outer white scale and an inner black scale, whereas the gray
region is the unoxidized substrate. Figure 5(b) demonstrates a
two-layer structure for the MZY20/SiC composite; both the
white and black scales are thicker than the corresponding scales
in the MZY15/SiC composite (Fig. 5(a)). Figure 5(c) shows the
MZY50/SiC composite after exposure at 1200°C for 25 h; this
figure indicates much-thicker white and black regions (the un-
oxidized region is not shown). Figure 6 shows an SEM micro-
graph of the cross section of the MZY20/SiC composite after
exposure at 1200°C for 500 h. The outermost surface of the
composite is shown on the left. The bright particles are ZrO
2
embedded in the mullite matrix (shown as the gray regions in
the figure). Angular SiC particles were encompassed by a dark
layer (indicated by the arrow). The dark layer was identified as
being the oxidation product, SiO
2
. The variation of the oxida-
tion of SiC particles with depth is also observed. There is a
sharp change in the thickness of the SiO
2
layer at a depth of
45 m. The outer region (‘‘A–B’’) corresponds to the white
scale shown in Fig. 5(b), whereas the inner region (‘‘B–C’’)
corresponds to the black scale in Fig. 5(b).
Figures 7 and 8 demonstrate the effect of ZrO
2
content on
the oxidation morphology of SiC
p
/ZrO
2
/mullite composites.
Figure 7 shows an SEM micrograph of the MZY15/SiC com-
posite after exposure at 1200°C for 500 h, indicating that SiC
particles at a depth beyond 40 m did not oxidize noticeably.
That is, there was a small oxidation zone in the MZY15/SiC
composite after exposure at 1200°C for 500 h. Figure 8 shows
a series of micrographs for the MZY30/SiC composite at vari-
ous depths after exposure at 1200°C for 25 h. The SiC particles
were slightly oxidized, even at a depth of >600 m, which
indicates a much-larger oxidized depth than that of the
MZY15/SiC composite exposed for 500 h.
IV. Discussion
For the sake of convenience in our discussion, two terms are
first defined. First, the silica layer of an individual SiC particle
in a SiC-containing composite means the layer of SiO
2
that is
formed as a result of the oxidation reaction occurring on the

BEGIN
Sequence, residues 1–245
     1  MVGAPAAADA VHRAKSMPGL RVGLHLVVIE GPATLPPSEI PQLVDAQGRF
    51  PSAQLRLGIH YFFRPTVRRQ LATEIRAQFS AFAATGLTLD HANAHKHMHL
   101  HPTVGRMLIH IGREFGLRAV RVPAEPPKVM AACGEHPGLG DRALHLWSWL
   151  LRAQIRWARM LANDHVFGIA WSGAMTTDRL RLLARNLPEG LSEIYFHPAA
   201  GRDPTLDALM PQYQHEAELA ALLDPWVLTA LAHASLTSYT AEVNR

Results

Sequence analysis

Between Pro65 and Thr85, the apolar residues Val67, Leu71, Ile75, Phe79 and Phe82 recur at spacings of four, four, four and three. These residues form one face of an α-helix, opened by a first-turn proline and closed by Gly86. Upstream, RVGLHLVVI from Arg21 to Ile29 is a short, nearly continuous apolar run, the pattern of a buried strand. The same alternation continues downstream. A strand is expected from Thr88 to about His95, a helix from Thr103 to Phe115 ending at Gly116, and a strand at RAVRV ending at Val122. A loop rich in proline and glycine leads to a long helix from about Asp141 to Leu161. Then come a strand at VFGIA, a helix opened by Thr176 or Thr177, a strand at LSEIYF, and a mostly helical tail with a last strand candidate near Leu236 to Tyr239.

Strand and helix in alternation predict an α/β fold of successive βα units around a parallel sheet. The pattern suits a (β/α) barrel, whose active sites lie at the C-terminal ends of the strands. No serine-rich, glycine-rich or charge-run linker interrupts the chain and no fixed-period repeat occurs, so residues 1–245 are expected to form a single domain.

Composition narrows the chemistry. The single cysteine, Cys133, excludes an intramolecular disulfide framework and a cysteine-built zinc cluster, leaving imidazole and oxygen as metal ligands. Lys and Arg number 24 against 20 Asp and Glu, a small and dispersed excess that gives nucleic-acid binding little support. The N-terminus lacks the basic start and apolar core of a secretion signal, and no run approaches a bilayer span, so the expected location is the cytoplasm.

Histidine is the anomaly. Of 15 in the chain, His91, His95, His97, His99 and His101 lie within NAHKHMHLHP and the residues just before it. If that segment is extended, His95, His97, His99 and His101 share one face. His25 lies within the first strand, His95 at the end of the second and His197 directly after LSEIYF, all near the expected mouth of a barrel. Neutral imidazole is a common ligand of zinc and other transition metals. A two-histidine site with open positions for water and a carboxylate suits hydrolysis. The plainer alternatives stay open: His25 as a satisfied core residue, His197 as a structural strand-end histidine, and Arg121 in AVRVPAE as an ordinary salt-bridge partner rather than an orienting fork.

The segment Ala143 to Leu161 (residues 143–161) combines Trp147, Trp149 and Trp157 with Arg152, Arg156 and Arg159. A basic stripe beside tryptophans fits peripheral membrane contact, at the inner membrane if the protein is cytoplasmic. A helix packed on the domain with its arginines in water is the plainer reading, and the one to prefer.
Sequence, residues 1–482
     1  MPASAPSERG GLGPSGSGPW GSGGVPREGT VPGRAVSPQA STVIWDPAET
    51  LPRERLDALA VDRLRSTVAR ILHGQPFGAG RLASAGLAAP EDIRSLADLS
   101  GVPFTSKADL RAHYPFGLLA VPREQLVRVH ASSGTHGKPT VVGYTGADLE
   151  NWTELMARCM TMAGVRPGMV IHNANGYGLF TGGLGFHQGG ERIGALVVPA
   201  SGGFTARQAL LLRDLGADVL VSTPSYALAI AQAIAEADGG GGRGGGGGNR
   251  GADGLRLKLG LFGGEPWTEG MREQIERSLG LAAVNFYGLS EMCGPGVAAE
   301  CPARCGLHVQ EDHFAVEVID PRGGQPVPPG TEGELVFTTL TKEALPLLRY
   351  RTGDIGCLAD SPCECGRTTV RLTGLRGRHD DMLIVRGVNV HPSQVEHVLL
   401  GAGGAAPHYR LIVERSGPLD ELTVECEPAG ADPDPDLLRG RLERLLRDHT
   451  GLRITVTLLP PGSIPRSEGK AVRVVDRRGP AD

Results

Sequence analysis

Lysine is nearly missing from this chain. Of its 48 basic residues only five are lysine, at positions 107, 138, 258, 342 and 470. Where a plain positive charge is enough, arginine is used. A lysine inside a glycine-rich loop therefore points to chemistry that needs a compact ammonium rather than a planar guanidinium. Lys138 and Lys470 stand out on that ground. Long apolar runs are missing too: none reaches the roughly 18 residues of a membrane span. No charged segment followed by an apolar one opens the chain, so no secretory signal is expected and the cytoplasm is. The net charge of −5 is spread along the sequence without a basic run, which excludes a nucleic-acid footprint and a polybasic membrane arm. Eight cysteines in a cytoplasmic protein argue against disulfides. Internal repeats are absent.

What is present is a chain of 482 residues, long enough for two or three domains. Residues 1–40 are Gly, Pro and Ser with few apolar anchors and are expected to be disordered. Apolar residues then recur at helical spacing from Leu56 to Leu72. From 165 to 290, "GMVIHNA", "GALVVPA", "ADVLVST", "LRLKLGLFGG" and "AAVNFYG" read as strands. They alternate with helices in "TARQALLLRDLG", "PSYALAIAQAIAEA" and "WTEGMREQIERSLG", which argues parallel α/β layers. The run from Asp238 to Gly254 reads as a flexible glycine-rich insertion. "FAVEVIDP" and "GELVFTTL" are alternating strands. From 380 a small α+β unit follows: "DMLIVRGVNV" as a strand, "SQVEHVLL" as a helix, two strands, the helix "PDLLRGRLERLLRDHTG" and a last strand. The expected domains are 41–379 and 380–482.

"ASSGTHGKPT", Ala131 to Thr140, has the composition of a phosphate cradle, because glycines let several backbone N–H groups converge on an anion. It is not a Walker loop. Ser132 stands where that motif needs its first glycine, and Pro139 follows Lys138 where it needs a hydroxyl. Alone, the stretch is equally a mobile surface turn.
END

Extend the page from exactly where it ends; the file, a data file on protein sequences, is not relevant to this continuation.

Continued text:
surface of the SiC particle. When a SiC particle is partially
oxidized, a silica layer will encompass it. Second, the oxidation
zone of a SiC-containing composite after exposure in an oxi-
dizing environment is defined as the zone from the outermost
surface of the composite to the depth where no oxidation of the
incorporated SiC particles can be detected.
The inward diffusion of oxygen from the atmosphere causes
the oxidation of SiC particles within the oxidation zone, which
results in weight gain, because of the formation of SiO
2
, ac-
cording to the reaction
SiC(s)+
3
2
O
2
(g) SiO
2
(s) + CO(g) (1)
where most of the gaseous product CO was believed to diffuse
all the way out to the surface. Thus, the atomic-weight differ-
ence between the SiC and SiO
2
was the reason for the weight
gain during oxidation, and the extent of oxidation could be
represented by the weight gain of each sample. In contrast, no
weight gain was detected in the oxidation test of mullite and
ZrO
2
/mullite composites,
22
which indicates that the inward dif-
fusion of oxygen was negligible in the composites that con-
tained no SiC.
Fig. 1. Curves of weight gain versus time at (a) 1000° and (b)
1200°C for samples listed in Table I.
Fig. 2. Curves of weight gain versus ZrO
2
content at 1000° and
1200°C for 500 h.
September 1998 Effect of Zirconia Content on the Oxidation Behavior of Silicon Carbide/Zirconia/Mullite Composites 2415

Fig. 3. XRD spectra of the MZY50/SiC composite (as hot-pressed (spectrum ‘‘(a)’’), after exposure at 1000°C for 500 h (spectrum ‘‘(b)’’), and
after exposure at 1200°C for 500 h (spectrum ‘‘(c)’’)). (M mullite, Z zircon, C cristobalite, m m-ZrO
2
,t t-ZrO
2
, and S SiC.)
Fig. 4. XRD spectra of the MZY15/SiC (spectrum ‘‘(a)’’), MZY25/SiC (spectrum ‘‘(b)’’), and MZY50/SiC (spectrum ‘‘(c)’’) composites, all after
exposure at 1200°C for 500 h. (M mullite, Z zircon, C cristobalite, m m-ZrO
2
,t t-ZrO
2
, and S SiC.)
2416 Journal of the American Ceramic Society—Tsai et al. Vol. 81, No. 9

As shown in Figs. 1 and 2, the weight gain abruptly in-
creased when the amount of incorporated ZrO
2
was above a
certain volume fraction. There appeared to be a threshold value
of 20 vol% ZrO
2
for the oxidation rate of SiC
p
/ZrO
2
/mullite
composites. A plausible explanation for this phenomenon can
be based on the percolation theory.
25–27
It applies to a wide
variety of transport phenomena, including diffusivity and ther-
mal or electric conductivity. In a two-phase system, when one
phase has a very high diffusivity of a species compared to that
of the other phase, there exists a critical volume fraction, or
percolation threshold ( f
c
), of the high-diffusivity phase. Per-
colation occurs beyond this threshold, and the diffusivity of the
particular species in the composite has the order of magnitude
of the high diffusivity. In other words, for a binary composite
with D
2
>> D
1
, percolation theory predicts that D
m
has the
approximate order of D
1
if f < f
c
and has the approximate order